First people to landing on moon

July 26, 2017
To land on the Moon

moon-landingOn July 20th, 1969, with “one small step, ” Neil Armstrong became the first person to walk on the moon. Since that date forty five years ago, the moon landing has been the subject of intense study and historical analysis. From what Armstrong actually said with his first step to if the American flags the astronauts planted are still there, mankind’s first rendezvous with the moon has captured the world’s attention in a way few other things have. Despite this, there are still several noteworthy facts that have remained obscure after all these years. Allow us to bring just a few to (moon) light:

Neil Armstrong was chosen to be the first person on the moon due to the basic structural design of a part of the Eagle.

Out of a group of 29 astronauts that trained for the Apollo mission to the moon, only three were chosen when the final announcement was made in January of 1969. Neil Armstrong, Edwin “Buzz” Aldrin, and the oft forgotten Michael Collins became the official crew of Apollo 11. Immediately, attention turned to which crew member – Armstrong or Aldrin — would be the first to walk on the moon (Collins was the command module pilot and, therefore, was ineligible).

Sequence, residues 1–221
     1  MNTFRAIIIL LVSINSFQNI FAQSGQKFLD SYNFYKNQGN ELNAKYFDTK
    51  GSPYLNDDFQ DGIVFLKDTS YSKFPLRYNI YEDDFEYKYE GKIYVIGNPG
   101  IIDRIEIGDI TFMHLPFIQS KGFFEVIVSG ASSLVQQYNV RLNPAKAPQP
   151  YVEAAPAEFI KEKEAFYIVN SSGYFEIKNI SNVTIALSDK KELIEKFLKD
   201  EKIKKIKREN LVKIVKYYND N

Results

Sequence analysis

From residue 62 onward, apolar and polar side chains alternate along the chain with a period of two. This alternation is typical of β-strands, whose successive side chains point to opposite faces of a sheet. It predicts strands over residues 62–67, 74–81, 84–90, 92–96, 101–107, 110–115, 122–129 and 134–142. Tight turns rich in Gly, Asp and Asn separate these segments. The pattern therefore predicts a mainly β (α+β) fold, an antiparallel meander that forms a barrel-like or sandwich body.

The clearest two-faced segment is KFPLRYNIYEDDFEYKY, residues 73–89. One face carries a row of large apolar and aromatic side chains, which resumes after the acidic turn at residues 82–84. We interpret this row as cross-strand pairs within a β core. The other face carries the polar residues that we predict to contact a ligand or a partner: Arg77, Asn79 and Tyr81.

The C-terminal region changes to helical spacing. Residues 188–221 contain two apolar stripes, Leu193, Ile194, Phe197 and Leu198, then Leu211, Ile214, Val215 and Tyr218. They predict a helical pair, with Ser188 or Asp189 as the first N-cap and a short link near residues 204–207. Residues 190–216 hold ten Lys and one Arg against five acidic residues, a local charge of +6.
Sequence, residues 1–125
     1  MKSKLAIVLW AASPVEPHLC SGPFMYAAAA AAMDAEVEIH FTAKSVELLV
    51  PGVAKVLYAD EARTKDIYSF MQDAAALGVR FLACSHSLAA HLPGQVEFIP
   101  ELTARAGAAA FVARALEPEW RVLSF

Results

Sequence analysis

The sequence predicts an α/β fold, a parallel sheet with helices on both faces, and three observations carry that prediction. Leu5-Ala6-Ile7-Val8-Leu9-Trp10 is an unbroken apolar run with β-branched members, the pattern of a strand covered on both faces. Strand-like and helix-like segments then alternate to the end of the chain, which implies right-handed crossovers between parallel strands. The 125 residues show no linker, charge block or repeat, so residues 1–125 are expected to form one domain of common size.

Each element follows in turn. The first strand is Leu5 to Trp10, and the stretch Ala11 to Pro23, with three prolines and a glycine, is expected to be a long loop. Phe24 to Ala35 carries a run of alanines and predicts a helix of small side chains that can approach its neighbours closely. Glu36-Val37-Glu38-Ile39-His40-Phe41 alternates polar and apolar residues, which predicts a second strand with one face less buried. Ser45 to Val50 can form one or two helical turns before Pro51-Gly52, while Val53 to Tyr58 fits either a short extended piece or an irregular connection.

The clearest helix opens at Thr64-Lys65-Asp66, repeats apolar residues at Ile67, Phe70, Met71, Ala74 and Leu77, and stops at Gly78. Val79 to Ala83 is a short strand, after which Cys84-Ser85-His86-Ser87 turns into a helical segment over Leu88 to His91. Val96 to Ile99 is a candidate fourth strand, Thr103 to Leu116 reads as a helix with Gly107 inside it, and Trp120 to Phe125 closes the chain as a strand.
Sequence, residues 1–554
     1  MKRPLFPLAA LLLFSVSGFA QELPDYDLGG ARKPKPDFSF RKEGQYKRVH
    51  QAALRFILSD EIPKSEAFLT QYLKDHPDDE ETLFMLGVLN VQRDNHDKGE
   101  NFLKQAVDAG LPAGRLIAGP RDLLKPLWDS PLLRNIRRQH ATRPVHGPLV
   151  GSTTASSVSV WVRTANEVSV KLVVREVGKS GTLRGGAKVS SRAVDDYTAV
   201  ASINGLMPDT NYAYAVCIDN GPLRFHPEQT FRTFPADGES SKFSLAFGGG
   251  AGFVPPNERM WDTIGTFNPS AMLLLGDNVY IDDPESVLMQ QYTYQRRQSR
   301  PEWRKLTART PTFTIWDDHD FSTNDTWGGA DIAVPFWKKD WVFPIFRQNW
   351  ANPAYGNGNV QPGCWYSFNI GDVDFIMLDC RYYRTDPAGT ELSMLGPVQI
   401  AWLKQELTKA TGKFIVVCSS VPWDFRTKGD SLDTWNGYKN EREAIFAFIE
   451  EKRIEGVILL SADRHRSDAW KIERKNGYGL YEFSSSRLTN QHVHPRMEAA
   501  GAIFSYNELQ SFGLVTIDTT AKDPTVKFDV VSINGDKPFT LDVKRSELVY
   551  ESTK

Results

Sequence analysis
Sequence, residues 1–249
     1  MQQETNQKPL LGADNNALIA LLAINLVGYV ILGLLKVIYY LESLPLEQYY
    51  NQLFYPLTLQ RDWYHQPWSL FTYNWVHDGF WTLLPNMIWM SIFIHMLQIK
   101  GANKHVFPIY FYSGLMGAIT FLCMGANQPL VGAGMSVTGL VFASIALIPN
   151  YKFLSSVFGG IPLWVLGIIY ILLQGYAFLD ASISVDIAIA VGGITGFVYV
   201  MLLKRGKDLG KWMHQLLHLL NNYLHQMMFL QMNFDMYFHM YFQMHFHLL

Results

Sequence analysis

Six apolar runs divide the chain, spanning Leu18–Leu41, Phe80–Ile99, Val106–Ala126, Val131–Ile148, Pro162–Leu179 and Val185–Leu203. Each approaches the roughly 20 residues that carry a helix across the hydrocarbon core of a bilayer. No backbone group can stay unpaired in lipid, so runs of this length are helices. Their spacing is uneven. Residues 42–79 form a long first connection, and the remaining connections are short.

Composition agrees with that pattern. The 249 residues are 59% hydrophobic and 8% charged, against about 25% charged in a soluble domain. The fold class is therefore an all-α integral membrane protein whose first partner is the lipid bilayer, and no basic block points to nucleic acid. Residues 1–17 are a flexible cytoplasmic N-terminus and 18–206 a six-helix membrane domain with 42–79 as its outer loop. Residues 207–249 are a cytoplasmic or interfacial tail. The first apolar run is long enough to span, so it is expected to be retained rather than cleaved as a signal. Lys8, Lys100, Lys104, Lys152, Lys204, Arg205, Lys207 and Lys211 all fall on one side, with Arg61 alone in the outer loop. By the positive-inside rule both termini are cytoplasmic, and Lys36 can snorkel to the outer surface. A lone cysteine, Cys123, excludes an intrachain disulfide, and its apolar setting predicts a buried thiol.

Even though both men were going to walk on the moon, it was a great honor to be the first. In fact, the question was asked at the press conference and the response was that it had yet to be decided.

Over the next four months, as the astronauts continued their training, debate and rumors circulated among the media. At first, it seemed that Aldrin would have the honor. This speculation came from the precedent set by the Gemini program, which made ten crewed flights for the purpose of testing ships and astronauts to spacewalk. During the flights, the commander (which Armstrong was to be for Apollo 11) stayed inside the ship while the pilot (which Aldrin was to be for Apollo 11) did the space walking. Further fueling this thinking was that it was rumored that Aldrin was actively campaigning to be the guy. According to the memoir written by Chris Kraft, head of Mission Control, “Buzz Aldrin desperately wanted that honor and wasn’t quiet in letting it be known.”

Source: www.todayifoundout.com
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